Fried Cheese  

Formaggio Fritto – Caciocavallo all’Argentiera 



 Cacio all'Argentera 


My uncle, Ferdinando, lived all his life in my paternal house. My siblings and I loved him more like a father than an uncle, and he treated us as if we were his own children.
In Palermo, we usually had supper at 8 PM, and when it was merenda time—the afternoon snack at about 4 PM—Uncle Ferdinando would ask me and my siblings if we would like to taste the snack he was going to prepare. He would not tell us what he was going to make, and our usual answer was that nobody wanted it!  

Zio Ferdinando knew how to prepare only a few dishes, but what he cooked was very tasty and appetizing. 

One of his specialties was cacio all’argintera.

This simple dish has exceptional taste and incomparable fragrance. The smell of the cheese, garlic, vinegar and oregano would attract us into the kitchen, and without fail, he would invite the gang to sit with him at the kitchen table and share this appetizing dish accompanied with sourdough panini, which are a Palermo specialty. 


Serves 4  


·        ¼ cup olive oil 

·        4 large cloves of garlic, crushed 

·        4 slices of Caciocavallo, about ¾ lb (Can be substituted with Mexican frying cheese)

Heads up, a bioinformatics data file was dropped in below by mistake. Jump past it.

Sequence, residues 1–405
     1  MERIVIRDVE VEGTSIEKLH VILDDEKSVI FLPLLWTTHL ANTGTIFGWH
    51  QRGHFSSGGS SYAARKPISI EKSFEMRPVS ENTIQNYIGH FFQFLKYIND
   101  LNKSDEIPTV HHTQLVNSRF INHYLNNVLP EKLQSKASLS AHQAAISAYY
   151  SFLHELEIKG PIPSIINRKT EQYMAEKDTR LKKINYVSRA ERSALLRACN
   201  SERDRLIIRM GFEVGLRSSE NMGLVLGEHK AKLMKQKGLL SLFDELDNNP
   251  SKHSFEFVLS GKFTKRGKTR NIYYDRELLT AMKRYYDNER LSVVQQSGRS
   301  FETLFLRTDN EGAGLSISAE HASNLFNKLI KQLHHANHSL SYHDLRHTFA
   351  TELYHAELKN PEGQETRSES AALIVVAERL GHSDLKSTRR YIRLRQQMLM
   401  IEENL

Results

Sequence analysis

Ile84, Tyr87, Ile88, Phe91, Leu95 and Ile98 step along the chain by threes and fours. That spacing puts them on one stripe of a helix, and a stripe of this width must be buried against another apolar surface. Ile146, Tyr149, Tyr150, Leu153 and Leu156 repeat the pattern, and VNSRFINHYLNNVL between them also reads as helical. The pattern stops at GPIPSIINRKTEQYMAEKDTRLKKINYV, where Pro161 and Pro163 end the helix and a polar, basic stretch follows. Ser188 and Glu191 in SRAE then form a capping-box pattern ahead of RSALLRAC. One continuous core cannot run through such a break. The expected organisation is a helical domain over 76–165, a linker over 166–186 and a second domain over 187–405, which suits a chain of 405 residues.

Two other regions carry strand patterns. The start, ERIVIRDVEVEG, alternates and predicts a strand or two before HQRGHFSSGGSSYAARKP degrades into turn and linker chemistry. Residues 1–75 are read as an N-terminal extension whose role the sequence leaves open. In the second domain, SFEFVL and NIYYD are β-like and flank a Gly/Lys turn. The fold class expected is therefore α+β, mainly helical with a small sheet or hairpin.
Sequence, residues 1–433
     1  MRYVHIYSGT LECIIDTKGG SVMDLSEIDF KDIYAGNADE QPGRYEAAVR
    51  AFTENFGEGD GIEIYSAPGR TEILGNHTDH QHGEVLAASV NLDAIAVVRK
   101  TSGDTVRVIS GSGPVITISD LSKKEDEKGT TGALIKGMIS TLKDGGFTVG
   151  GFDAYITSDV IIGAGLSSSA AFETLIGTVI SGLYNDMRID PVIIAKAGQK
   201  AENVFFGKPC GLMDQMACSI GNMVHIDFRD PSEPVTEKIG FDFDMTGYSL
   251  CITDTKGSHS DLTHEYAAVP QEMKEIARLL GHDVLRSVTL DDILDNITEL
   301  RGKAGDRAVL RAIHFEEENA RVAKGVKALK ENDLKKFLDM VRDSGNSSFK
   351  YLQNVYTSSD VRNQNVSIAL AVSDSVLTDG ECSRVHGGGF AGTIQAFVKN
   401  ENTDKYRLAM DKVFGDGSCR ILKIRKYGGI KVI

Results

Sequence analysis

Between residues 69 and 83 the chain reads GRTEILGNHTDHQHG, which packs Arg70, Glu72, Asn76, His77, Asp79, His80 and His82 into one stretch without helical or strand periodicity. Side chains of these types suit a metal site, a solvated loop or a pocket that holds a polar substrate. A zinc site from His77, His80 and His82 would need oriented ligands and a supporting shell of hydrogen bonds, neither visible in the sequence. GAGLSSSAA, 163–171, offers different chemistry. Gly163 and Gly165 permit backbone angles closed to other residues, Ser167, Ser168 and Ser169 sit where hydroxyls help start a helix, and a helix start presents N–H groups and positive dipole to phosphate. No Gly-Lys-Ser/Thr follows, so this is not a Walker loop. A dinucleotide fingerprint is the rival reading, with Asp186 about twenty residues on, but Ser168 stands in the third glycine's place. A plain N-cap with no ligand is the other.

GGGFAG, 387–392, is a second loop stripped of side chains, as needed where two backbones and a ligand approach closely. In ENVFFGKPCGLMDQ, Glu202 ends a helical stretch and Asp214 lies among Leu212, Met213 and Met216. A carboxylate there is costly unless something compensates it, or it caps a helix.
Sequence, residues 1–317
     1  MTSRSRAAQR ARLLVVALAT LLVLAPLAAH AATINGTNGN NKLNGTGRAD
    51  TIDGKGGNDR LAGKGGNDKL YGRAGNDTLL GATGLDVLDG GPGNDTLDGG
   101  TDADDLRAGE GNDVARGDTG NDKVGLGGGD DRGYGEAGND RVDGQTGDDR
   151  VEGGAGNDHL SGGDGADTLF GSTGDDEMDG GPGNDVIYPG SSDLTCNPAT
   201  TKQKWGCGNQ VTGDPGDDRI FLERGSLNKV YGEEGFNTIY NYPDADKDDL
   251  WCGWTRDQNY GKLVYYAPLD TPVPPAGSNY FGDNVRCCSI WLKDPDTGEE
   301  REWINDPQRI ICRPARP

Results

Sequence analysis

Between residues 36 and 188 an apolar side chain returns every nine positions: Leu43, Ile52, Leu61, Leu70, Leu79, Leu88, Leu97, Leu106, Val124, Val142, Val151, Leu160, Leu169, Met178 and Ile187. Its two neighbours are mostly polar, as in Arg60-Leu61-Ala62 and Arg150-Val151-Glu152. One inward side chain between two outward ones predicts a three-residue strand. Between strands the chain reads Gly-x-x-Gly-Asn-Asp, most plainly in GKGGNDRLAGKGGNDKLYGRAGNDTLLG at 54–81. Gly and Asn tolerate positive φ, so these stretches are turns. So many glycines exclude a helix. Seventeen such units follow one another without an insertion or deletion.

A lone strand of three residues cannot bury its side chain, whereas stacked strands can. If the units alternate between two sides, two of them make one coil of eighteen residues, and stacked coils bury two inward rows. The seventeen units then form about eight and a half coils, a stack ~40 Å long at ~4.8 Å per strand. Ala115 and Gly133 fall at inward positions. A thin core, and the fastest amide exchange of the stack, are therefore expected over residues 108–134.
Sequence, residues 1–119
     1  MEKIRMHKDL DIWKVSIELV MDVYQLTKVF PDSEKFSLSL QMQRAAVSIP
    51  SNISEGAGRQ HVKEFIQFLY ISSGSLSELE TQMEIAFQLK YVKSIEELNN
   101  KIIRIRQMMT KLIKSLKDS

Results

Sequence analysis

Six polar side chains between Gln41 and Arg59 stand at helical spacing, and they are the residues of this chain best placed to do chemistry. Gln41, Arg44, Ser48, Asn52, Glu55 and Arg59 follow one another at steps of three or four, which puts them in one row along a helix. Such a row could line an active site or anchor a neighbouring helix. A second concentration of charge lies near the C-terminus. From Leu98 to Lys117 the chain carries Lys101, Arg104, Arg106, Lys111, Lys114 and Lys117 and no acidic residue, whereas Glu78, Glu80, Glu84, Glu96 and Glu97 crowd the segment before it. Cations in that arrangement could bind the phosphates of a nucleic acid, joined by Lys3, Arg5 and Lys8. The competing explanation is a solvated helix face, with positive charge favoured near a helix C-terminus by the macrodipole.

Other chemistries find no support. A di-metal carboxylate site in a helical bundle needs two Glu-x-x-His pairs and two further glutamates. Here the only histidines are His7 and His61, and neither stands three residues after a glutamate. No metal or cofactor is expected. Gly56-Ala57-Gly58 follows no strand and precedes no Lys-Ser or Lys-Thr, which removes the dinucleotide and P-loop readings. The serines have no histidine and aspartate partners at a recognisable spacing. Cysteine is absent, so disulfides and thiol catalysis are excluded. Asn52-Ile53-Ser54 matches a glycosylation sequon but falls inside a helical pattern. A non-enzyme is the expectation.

·        ½ teaspoon oregano 

·        Pinch of pepper 

·        4 tablespoons vinegar 

·        ½ tablespoon sugar 



In a nonstick skillet, heat the oil on medium heat; add the garlic and slices of cheese and lower the heat.
Cook covered for 1 minute, turn the cheese over and cook covered for an additional minute or until golden in color.

Remove skillet from fire, add the oregano and pepper and transfer the fried cheese to the serving dish. 

Add the vinegar and sugar into the hot oil, cook for about 1–2 minutes until some of the liquid evaporates. 

Cover the cheese with this sweet-sour sauce, use the garlic as garnish and serve immediately with fresh Italian bread.